Title:
Methods for Assaying Cellular Binding Interactions
Kind Code:
A1


Abstract:
There are provided methods, and devices for assaying for a binding interaction between a protein, such as a monoclonal antibody, produced by a cell, and a biomolecule. The method may include retaining the cell within a chamber having an aperture; exposing the protein produced by the cell to a capture substrate, wherein the capture substrate is in fluid communication with the protein produced by the cell and wherein the capture substrate is operable to bind the protein produced by the cell; flowing a fluid volume comprising the biomolecule through the chamber via said aperture, wherein the fluid volume is in fluid communication with the capture substrate; and determining a binding interaction between the protein produced by the cell and the biomolecule.



Inventors:
Singhal, Anupam (Mississauga, CA)
Hansen, Carl L. G. (Vancouver, CA)
Schrader, John W. (Vancouver, CA)
Haynes, Charles A. (Vancouver, CA)
Da Costa, Daniel J. (Pitt Meadows, CA)
Application Number:
13/184363
Publication Date:
01/19/2012
Filing Date:
07/15/2011
Assignee:
SINGHAL ANUPAM
HANSEN CARL L. G.
SCHRADER JOHN W.
HAYNES CHARLES A.
DA COSTA DANIEL J.
Primary Class:
Other Classes:
435/6.1, 435/6.12, 435/7.1, 435/7.24, 435/287.1
International Classes:
C12Q1/70; C12M1/34; C12Q1/68; G01N33/566; G01N33/577
View Patent Images:
Related US Applications:



Primary Examiner:
MARTINEZ, REBECCA L
Attorney, Agent or Firm:
BOZICEVIC, FIELD & FRANCIS LLP (Bozicevic, Field & Francis 201 REDWOOD SHORES PARKWAY SUITE 200 REDWOOD CITY CA 94065)
Claims:
What is claimed is:

1. A method of assaying for a binding interaction between a protein produced by a cell and a biomolecule: (a) retaining the cell within a chamber having an inlet and an outlet; (b) exposing the protein produced by the cell to a capture substrate, wherein the capture substrate is in fluid communication with the protein produced by the cell and wherein the capture substrate is operable to bind the protein produced by the cell; (c) flowing a first fluid volume comprising the biomolecule through the inlet into the chamber and out the outlet, wherein the first fluid volume is in fluid communication with the capture substrate; and (d) determining binding interactions between the protein produced by a cell and the biomolecule.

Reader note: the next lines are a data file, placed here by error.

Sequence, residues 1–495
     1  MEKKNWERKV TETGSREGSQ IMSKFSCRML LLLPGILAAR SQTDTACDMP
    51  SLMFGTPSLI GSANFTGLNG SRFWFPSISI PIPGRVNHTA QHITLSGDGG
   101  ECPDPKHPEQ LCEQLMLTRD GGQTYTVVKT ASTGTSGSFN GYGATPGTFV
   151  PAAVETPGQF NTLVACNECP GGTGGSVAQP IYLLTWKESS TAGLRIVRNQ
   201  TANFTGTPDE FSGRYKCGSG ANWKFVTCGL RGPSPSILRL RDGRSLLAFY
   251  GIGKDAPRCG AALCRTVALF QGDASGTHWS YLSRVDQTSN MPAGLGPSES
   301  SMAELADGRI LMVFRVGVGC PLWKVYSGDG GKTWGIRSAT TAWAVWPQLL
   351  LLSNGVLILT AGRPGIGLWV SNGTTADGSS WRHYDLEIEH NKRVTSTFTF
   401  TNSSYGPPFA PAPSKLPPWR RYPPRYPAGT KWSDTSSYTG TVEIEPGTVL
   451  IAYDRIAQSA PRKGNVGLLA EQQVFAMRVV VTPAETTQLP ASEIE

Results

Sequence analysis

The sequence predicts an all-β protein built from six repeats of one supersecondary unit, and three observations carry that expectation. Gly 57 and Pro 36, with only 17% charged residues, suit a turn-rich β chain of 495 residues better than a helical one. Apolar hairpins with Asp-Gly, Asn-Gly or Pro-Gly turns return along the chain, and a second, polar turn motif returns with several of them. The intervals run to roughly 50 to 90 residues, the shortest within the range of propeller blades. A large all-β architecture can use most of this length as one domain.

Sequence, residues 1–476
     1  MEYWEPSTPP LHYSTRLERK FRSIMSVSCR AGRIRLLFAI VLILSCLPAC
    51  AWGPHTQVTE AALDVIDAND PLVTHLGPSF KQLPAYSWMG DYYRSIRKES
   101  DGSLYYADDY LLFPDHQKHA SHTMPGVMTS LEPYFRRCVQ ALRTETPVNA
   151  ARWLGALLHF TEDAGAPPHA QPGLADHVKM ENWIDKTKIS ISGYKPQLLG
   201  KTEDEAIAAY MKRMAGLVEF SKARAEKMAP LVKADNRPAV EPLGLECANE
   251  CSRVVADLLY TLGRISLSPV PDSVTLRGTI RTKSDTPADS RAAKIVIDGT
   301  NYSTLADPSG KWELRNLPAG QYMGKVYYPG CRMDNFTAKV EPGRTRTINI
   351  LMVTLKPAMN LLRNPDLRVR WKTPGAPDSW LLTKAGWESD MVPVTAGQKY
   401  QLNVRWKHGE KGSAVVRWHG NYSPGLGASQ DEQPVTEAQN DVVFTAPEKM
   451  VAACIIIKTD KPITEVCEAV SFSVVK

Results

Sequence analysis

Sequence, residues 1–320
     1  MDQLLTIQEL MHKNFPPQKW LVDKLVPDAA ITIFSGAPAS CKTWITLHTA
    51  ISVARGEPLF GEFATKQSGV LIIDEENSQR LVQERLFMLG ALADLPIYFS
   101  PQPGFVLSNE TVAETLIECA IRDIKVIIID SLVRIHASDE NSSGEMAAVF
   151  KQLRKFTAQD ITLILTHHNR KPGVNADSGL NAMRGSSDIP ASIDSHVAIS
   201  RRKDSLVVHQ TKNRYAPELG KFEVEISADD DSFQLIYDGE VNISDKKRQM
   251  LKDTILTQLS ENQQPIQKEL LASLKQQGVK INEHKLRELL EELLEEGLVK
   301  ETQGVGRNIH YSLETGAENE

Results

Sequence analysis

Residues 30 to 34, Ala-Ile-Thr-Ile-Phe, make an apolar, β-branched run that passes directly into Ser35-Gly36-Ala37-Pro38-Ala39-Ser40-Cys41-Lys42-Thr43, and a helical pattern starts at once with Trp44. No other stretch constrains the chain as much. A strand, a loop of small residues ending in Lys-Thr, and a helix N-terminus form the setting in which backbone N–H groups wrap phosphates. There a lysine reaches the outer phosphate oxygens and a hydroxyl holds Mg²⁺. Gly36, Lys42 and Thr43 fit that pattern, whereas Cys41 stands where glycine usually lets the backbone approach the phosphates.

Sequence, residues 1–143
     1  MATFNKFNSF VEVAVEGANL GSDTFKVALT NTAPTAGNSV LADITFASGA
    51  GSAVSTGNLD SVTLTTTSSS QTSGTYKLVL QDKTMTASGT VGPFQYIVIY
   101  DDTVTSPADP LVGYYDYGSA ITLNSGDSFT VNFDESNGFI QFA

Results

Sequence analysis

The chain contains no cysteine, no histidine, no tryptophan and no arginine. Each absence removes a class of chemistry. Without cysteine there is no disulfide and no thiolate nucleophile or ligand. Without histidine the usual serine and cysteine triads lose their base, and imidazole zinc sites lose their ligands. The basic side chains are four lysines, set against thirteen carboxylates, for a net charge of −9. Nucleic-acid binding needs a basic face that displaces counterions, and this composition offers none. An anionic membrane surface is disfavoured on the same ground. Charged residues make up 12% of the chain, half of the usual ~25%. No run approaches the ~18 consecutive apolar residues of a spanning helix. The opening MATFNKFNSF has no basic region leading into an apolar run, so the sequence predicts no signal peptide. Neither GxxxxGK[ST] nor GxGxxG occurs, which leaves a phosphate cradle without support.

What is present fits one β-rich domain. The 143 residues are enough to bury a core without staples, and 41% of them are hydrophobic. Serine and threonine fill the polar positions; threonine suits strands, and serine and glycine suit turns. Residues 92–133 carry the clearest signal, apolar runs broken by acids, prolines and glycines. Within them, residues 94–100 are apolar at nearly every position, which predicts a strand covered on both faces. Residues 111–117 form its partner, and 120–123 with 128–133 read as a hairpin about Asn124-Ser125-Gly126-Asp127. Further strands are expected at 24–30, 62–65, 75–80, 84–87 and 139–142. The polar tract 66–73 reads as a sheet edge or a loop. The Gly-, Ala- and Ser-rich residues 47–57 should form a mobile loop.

2. The method of claim 1, wherein the cell is an antibody producing cell (APC), the protein produced by the cell is an antibody and the biomolecule is an antigen.

3. The method of claim 1 or claim 2, wherein the biomolecule is a fluorescently labeled antigen.

4. The method of claim 1, wherein the determining binding interactions is a measure of antigen-antibody binding kinetics.

5. The method of claim 4, wherein the measure of antigen-antibody binding kinetics is any one or both of: a Kon rate; and a Koff rate.

6. The method of claim 1, wherein the protein produced by the cell is an antibody.

7. The method of claim 6, wherein the antibody is a monoclonal antibody.

8. The method of claim 1, wherein the biomolecule is an antigen.

9. The method of claim 1, wherein the biomolecule is selected from one of the following: an antibody, a whole cell, a cell fragment, a bacterium, a virus, a viral fragment, and a protein.

10. The method of claim 1, wherein the protein produced by the cell is not secreted by the cell, the method further comprises a step of cell lysis prior to exposing the protein produced by the cell to the capture substrate.

11. The method of claim 10, wherein the capture substrate is a removable capture substrate.

12. The method of claim 10, wherein the removable capture substrate comprises a capture substrate capable of capturing nucleic acids.

13. The method of claim 10, wherein the removable capture substrate comprises a capture substrate capable of capturing both nucleic acids and antibodies.

14. The method of claim 10, wherein the removable capture substrate comprises a capture substrate capable of capturing nucleic acids and a capture substrate capable of capturing antibodies.

15. The method of claim 1, wherein the exposing the protein produced by the cell to the capture substrate comprises flowing a removable capture substrate into the chamber.

16. The method of claim 1, wherein the protein produced by the cell is an antigen and wherein the biomolecule is an antibody.

17. The method of claim 16, wherein the antibody is a monoclonal antibody.

18. The method of claim 16, wherein biomolecule is a fluorescently labeled antibody.

19. The method of claim 18, wherein the fluorescently labeled antibody is a monoclonal antibody.